2Number of producers reporting increased dollar returns per acre or reduced costs per acre
3Number of producers reporting reduction in fertilizer used per acre
* Note: Values may include numbers from multi-county efforts.

North Carolina's animal production systems will become more profitable and sustainable.

Value* Outcome Description
35Number of animal producers increasing/improving knowledge, attitudes, and/or skills as related to: 1. Best management production practices (cultural, nutrient, and genetics) 2. Pest/insect, disease, weed, wildlife management 3. Financial/Farm management tools and practices (business, marketing, government policy, human resources) 4. Alternative agriculture, bioenergy, and value-added enterprises
* Note: Values may include numbers from multi-county efforts.
Value* Impact Description
21Number of animal producers adopting Extension-recommended best management practices, including those practices related to husbandry, improved planning, marketing, and financial practices
45000Net income gains by producers adopting Extension-recommended best management practices, including those practices related to husbandry, improved planning, marketing, and financial practices
22Number of animal producers implementing Extension-recommended best management practices for animal waste management
25000Tons of livestock organic by-products utilized (nutrients from waste, compost, etc)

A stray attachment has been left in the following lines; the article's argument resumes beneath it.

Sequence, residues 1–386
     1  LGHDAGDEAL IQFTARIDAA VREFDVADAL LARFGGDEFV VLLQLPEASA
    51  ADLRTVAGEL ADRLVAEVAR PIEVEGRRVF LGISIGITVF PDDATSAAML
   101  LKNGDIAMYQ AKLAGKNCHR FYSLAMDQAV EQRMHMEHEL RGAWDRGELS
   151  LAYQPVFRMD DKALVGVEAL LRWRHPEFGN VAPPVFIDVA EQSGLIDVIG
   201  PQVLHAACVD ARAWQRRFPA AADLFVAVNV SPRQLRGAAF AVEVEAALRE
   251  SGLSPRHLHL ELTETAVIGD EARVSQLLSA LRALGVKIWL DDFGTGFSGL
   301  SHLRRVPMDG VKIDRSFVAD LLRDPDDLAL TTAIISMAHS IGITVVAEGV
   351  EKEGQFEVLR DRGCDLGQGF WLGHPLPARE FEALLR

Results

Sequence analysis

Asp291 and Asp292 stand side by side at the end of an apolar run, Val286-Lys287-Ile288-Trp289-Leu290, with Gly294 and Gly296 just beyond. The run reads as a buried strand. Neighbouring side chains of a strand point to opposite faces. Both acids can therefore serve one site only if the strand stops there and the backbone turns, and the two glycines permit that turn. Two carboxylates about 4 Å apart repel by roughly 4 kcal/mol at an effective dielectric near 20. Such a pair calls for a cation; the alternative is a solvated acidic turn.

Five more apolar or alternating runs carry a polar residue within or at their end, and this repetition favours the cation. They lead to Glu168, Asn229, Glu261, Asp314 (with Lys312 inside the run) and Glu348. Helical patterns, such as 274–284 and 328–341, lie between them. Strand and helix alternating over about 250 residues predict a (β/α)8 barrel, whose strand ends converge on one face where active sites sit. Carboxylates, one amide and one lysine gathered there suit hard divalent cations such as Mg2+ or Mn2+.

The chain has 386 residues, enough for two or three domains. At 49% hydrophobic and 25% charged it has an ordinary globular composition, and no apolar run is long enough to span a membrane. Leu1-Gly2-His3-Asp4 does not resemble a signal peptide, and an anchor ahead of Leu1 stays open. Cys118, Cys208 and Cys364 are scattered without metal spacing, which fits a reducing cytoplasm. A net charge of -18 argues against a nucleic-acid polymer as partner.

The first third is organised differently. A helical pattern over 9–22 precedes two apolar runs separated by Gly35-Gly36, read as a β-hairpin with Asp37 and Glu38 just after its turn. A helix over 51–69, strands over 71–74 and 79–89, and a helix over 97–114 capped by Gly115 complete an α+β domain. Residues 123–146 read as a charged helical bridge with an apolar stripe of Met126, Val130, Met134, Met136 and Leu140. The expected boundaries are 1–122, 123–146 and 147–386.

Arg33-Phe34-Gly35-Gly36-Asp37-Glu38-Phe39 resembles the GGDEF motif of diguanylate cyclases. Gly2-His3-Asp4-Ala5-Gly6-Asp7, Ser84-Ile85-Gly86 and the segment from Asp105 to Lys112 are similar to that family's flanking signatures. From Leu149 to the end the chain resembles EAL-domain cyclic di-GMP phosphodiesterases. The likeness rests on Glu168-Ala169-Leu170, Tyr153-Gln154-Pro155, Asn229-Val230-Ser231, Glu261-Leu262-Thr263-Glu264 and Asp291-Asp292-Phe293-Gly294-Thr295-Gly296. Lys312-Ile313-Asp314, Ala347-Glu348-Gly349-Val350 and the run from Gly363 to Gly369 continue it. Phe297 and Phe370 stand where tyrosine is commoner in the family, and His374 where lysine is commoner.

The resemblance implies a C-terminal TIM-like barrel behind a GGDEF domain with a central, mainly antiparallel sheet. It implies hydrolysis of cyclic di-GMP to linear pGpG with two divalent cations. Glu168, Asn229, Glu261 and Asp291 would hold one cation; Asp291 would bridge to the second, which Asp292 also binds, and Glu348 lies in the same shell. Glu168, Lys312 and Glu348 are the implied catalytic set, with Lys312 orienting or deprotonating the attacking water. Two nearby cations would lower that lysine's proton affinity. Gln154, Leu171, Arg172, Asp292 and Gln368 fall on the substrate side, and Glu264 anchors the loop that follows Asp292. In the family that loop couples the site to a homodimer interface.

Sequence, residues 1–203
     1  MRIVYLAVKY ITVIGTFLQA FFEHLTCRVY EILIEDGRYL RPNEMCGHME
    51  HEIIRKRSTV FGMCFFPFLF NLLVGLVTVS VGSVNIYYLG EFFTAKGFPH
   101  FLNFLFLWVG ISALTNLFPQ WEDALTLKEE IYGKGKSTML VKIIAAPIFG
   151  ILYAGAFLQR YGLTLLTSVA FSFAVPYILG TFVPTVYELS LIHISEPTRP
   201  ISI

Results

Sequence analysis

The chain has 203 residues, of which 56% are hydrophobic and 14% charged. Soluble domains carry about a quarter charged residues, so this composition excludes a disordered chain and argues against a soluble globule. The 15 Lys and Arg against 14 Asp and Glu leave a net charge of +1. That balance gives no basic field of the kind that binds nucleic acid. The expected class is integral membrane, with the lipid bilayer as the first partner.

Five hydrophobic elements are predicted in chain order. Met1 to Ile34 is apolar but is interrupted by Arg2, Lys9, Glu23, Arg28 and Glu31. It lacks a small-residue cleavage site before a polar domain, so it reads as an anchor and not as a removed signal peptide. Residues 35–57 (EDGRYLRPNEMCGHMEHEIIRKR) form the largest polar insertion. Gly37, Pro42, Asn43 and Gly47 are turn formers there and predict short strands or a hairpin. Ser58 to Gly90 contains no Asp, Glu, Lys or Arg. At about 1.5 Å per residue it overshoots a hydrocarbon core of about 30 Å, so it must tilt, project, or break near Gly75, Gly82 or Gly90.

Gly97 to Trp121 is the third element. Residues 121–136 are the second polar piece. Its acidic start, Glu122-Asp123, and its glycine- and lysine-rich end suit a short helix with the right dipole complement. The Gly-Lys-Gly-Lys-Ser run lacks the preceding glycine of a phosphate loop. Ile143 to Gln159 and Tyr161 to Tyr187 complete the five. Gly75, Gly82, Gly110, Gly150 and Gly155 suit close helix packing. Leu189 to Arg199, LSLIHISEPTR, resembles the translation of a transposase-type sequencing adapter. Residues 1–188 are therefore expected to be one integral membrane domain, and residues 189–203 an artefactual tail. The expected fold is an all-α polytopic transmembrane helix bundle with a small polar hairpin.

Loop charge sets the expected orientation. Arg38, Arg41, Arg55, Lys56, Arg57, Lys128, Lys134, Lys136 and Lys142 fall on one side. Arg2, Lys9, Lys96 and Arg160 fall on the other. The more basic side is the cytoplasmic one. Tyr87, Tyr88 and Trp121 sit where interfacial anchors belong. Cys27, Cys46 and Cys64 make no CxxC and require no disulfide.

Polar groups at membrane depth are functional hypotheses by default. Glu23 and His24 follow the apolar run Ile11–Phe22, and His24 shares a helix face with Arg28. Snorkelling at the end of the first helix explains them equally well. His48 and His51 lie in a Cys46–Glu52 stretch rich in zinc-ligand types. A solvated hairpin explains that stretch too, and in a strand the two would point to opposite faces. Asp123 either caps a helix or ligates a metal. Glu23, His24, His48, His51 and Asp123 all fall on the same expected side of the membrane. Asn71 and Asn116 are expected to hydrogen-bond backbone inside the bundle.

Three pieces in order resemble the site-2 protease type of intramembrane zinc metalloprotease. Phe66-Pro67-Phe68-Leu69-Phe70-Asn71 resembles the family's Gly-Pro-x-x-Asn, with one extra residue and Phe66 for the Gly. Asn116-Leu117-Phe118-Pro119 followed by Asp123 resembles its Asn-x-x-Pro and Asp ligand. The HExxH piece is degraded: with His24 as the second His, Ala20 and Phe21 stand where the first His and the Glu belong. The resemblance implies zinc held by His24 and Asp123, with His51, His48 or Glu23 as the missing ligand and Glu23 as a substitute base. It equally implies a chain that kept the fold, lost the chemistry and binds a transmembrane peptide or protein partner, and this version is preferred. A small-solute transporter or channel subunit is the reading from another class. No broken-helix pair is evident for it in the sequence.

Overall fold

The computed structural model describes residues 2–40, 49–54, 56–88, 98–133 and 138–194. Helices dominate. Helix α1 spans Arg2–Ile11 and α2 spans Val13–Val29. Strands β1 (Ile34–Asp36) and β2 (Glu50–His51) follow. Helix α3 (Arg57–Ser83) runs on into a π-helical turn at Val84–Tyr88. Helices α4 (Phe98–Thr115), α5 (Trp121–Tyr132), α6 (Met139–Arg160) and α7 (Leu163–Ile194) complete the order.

33000Net income gain by using livestock organic by-products instead of synthetic fertilizers
9Number of waste management certifications gained or maintained due to Extension education efforts
4500Number of acres where Extension-recommended waste analysis was used for proper land application
* Note: Values may include numbers from multi-county efforts.

Producers will increase sales of food locally to more agriculturally aware consumers through market development, producer and consumer education, and new farmer and infrastructure support.

Value* Outcome Description
27Number of producers who gain skills or knowledge to increase production for local markets.
71Number of adults (including producers, food business owners, etc.) who improved knowledge of local food and agricultural systems.
47Number of children/youth who improved knowledge of local food and agricultural systems.
51Number of individuals who gain knowledge or acquire skills related to vegetable/fruit gardening, and if also reporting under Urban and Consumer Agriculture Objective, divide up the reported number appropriately between the two objectives to avoid duplication.
30Number of producers who improve local food marketing skills or knowledge.
* Note: Values may include numbers from multi-county efforts.
Value* Impact Description
4Number of new and existing access points for consumers that expand or improve their offering of local fruits and vegetables. Access points include farmers markets, retail stores, school food programs, community gardens, institutions other than schools (e.g. hospitals, universities, etc.), and other systems/access points not noted (e.g. restaurants, etc.).